|drug1780||Ketamine Hydrochloride Wiki||1.00|
|drug2149||Naltrexone 380 MG Wiki||1.00|
|D000428||Alcohol Drinking NIH||0.45|
There is one clinical trial.
Every year, alcohol use disorder (AUD) generates millions of emergency department (ED) visits and hospital admissions, costing the U.S. health sector over $90 billion. These hospital admissions are critical opportunities to start patients on addiction pharmacotherapy, but factors like medication non-adherence and post-discharge relapse contribute to frequent re-admissions. Two single-dose interventions are well suited to facilitate treatment retention and prevent re-admissions due to their prolonged, adherence-independent effects: extended-release (XR) naltrexone injection and intravenous (IV) ketamine infusion. These have not been thoroughly investigated in the hospital setting among high-utilizer, safety-net populations. Therefore, the investigators aim to: 1. Test the feasibility of randomizing hospitalized patients (n=45-60, age 18-65) with multiple AUD-related admissions to treatment with either extended-release (XR) naltrexone, intravenous (IV) ketamine, or no single-dose medication, all with enhanced linkage to care. Feasibility outcomes such as recruitment rate, patient acceptability, post-discharge follow-up rate, and adverse events will help to identify key lessons for a future comparative effectiveness study. 2. Estimate the 30-day re-admission rate for patients randomized to treatment with XR naltrexone, with IV ketamine, or no single-dose medication, all with enhanced linkage to care. The investigators hypothesize that the re-admission rate will be lower for each of the two single-dose medication groups than for the "linkage-alone" group.
Description: Binary outcome: any all-cause hospitalization ascertained by chart review (our EHR includes records from several local hospitals)Measure: Rate (%) of 30-day hospital re-admission Time: Within 30 days of index hospital discharge. The enrollment period is 5 months.
Description: Number of participants recruited per month during the enrollment periodMeasure: Feasibility - recruitment rate (# per month) Time: The enrollment period is 5 months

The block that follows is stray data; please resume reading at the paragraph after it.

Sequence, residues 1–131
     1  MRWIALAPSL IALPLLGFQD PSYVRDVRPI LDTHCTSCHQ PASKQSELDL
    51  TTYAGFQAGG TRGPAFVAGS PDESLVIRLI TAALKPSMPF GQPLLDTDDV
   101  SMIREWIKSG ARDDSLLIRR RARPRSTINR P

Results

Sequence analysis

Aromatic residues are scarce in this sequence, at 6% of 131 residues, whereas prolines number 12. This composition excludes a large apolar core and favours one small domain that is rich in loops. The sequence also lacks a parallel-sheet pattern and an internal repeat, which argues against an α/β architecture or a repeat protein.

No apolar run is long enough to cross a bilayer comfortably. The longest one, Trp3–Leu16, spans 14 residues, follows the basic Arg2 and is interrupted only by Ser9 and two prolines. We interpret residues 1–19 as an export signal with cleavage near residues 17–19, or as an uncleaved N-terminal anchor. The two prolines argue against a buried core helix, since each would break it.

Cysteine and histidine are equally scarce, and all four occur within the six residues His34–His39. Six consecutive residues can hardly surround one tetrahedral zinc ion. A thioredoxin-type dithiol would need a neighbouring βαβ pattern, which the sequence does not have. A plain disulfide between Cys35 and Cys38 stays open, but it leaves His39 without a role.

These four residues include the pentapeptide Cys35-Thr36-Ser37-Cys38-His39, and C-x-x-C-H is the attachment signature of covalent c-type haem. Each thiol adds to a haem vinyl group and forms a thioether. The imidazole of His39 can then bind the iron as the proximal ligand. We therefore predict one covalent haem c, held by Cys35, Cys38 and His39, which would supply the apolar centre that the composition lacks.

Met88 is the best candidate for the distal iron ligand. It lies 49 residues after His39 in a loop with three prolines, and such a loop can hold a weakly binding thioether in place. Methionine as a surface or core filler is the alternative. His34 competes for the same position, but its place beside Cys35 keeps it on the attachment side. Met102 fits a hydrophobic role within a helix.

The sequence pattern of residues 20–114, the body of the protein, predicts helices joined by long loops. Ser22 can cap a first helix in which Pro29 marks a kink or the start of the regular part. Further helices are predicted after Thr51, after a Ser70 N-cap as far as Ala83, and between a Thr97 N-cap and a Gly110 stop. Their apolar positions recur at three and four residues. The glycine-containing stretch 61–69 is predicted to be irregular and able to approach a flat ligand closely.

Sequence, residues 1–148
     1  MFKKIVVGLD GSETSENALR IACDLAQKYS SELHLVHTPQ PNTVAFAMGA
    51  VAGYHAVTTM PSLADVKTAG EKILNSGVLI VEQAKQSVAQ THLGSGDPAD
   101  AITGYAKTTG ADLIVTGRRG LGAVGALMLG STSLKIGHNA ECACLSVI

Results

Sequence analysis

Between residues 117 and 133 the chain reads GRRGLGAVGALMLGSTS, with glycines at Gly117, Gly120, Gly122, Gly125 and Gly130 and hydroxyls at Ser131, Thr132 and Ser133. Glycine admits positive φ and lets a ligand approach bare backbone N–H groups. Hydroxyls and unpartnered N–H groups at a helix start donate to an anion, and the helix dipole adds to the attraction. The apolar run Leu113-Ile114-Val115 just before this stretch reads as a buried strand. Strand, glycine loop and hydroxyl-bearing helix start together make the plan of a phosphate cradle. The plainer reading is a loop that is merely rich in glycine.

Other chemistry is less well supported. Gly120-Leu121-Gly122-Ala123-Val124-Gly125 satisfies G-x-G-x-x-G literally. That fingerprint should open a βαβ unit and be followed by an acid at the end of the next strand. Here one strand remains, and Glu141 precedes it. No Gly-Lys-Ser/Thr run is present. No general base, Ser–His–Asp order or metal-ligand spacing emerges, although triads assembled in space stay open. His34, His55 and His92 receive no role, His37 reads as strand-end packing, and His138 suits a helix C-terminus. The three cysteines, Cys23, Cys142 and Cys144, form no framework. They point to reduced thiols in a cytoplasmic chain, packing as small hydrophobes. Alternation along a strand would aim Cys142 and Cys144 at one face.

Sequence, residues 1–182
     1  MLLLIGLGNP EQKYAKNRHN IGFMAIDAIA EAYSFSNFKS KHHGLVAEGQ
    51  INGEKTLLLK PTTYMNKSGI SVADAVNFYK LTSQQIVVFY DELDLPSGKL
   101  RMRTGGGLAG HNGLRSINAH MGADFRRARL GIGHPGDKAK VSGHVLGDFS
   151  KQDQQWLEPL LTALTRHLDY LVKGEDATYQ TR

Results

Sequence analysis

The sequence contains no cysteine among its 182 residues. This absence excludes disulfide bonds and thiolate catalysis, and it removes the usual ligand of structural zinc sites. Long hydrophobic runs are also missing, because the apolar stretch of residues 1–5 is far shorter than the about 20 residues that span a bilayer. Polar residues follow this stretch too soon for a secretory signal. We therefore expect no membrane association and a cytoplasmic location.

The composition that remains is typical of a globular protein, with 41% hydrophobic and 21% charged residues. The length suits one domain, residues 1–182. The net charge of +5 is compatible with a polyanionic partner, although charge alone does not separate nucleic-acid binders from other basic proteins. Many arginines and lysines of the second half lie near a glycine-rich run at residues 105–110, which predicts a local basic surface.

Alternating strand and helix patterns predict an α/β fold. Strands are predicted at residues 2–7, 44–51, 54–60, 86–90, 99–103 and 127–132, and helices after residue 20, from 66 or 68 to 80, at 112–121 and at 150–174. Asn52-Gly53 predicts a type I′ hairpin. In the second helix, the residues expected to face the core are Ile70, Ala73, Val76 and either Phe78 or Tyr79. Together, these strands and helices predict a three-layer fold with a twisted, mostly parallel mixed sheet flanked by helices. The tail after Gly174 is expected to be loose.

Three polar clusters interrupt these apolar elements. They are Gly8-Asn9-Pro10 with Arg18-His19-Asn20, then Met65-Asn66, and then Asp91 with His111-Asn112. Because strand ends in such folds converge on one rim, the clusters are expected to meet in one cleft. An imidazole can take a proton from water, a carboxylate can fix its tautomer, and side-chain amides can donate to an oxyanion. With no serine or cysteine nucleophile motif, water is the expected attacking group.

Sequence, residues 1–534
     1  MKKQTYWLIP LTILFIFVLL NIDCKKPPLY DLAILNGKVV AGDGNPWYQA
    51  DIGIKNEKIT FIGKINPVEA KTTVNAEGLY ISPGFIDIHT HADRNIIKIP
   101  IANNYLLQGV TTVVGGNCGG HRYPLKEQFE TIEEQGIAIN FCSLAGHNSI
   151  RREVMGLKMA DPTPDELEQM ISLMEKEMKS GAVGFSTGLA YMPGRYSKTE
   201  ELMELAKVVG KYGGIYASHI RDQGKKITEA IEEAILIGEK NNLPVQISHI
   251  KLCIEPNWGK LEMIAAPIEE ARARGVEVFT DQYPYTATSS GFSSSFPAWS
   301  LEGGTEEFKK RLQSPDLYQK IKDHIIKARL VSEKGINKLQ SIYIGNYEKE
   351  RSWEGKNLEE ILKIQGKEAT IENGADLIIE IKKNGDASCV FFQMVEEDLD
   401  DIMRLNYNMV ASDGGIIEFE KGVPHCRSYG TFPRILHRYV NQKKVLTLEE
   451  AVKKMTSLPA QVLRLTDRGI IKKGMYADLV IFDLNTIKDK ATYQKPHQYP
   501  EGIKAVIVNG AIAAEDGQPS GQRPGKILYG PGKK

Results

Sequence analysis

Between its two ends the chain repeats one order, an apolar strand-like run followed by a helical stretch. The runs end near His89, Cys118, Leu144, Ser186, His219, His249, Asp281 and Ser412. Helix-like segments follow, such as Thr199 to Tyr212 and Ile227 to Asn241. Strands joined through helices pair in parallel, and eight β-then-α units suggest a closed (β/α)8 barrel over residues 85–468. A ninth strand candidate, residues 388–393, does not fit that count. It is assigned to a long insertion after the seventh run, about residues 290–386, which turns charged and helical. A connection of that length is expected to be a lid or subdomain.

Description: Percentage of patients who presented to 1 week follow-up appointmentMeasure: Feasibility - follow-up rate (%) Time: The enrollment period is 5 months
Description: Within-subject differences in readiness to change between inpatient enrollment and outpatient follow-up.Measure: Average within-subject difference in readiness-to-change (SOCRATES-8A score) Time: Follow-up planned to be within one week of discharge
Description: Binary outcome: any all-cause ED visit ascertained by chart reviewMeasure: Rate (%) of 30-day emergency department visit Time: Within 30 days of index hospital discharge. The enrollment period is 5 months.
Description: Obtained by urine EtG at outpatient follow-upMeasure: Rate (%) of urine Ethyl Glucuronide (EtG) at follow-up Time: Follow-up planned to be within one week of discharge. The enrollment period is 5 months.
Description: Self reported at outpatient follow-up, ascertained by Timeline Follow-Back Method.Measure: Rate (%) of self-reported binge drinking since discharge Time: Follow-up planned to be within one week of discharge. The enrollment period is 5 months.
Data processed on September 26, 2020.
An HTML report was created for each of the unique drugs, MeSH, and HPO terms associated with COVID-19 clinical trials. Each report contains a list of either the drug, the MeSH terms, or the HPO terms. All of the terms in a category are displayed on the left-hand side of the report to enable easy navigation, and the reports contain a list of correlated drugs, MeSH, and HPO terms. Further, all reports contain the details of the clinical trials in which the term is referenced. Every clinical trial report shows the mapped HPO and MeSH terms, which are also hyperlinked. Related HPO terms, with their associated genes, protein mutations, and SNPs are also referenced in the report.Drug Reports MeSH Reports HPO Reports